Because of the ENIAC's status as a wartime project, its engineers were forced to work expediently and to develop reliable, straightforward designs. Even as they drove the ENIAC towards completion, Mauchly, Eckert and their engineering team members were devising methods of simplifying the process of programming and wiring the machine. Mauchly and Eckert entered into joint discussions with accomplished mathematician John von Neumann, out of which came plans for the EDVACthe Electronic Discrete Variable Calculator. Von Neumann drafted a report entitled "First Draft Report of the EDVAC Design," which Goldstine circulated widely. The dissemination of this document made public the knowledge of the EDVAC, and made controversial the question of which parties should be credited with its creation.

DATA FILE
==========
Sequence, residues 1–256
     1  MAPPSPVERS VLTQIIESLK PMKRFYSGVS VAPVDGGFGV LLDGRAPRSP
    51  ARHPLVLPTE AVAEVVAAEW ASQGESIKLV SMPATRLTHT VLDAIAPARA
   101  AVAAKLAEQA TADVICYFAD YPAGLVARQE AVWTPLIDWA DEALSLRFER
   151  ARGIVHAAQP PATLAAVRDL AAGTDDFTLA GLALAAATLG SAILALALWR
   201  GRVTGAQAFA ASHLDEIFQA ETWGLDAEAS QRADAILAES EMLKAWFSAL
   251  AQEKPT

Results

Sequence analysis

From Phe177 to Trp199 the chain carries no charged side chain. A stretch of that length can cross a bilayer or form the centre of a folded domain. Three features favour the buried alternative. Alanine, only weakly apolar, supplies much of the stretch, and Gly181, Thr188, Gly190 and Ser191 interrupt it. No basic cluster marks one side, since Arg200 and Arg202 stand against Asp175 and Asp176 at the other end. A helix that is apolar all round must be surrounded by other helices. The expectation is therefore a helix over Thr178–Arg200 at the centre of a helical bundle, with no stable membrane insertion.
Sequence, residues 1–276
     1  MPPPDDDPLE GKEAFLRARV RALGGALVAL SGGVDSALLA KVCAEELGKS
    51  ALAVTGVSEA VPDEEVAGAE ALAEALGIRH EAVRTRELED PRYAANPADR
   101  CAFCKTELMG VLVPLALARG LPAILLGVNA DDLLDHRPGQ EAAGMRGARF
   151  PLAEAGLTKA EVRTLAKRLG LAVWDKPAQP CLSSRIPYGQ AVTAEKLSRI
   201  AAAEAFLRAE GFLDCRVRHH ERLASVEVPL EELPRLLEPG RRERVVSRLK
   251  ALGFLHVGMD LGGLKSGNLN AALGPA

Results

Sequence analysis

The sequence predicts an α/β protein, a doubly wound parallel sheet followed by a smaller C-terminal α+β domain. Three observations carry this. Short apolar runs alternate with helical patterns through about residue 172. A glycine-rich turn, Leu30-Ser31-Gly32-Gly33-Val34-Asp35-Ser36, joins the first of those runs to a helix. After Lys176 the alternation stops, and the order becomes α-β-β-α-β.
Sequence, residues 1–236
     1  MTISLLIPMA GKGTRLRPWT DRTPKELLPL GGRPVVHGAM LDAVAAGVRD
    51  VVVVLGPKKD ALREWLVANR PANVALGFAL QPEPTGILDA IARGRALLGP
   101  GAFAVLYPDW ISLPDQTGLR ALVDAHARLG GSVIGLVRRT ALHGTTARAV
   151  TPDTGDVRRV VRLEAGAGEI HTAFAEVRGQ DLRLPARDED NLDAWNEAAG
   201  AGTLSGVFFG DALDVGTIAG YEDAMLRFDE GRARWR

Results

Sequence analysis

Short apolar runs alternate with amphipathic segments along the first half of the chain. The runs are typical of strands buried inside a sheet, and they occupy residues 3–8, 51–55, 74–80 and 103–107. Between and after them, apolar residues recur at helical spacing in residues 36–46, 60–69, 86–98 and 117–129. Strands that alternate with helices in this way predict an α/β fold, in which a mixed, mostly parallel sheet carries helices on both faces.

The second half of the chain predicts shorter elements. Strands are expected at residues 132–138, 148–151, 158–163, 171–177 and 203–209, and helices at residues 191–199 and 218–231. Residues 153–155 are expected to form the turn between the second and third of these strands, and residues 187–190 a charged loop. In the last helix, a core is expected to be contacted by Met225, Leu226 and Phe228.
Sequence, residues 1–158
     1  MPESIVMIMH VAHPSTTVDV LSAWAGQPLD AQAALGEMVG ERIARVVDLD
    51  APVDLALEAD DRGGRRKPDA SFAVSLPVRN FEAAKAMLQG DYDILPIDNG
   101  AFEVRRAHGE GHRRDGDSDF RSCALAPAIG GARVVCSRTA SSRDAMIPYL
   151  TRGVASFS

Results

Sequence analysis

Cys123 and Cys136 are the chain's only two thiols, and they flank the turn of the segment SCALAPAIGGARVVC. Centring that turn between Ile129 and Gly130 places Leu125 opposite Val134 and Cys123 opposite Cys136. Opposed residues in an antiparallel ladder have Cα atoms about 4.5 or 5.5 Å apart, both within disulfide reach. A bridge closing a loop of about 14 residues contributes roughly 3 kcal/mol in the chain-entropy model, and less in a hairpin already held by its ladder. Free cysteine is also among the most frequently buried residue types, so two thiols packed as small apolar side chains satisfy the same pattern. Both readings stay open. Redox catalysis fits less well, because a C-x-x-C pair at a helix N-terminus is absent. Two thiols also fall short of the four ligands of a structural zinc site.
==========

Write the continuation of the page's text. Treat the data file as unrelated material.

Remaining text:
The Pennsylvania Gazette printed an article on the ENIAC in 1946, highlighting a congratulatory telegram sent to then-Penn President Dr. George William McClelland from the U.S. Secretary of War, Robert P. Patterson. "The device [ENIAC] will not only further military sciences including ballistics but will immeasurably further all advanced scientific research," wrote Secretary Patterson. You can peruse the full text of this article by clicking on the thumbnails at right.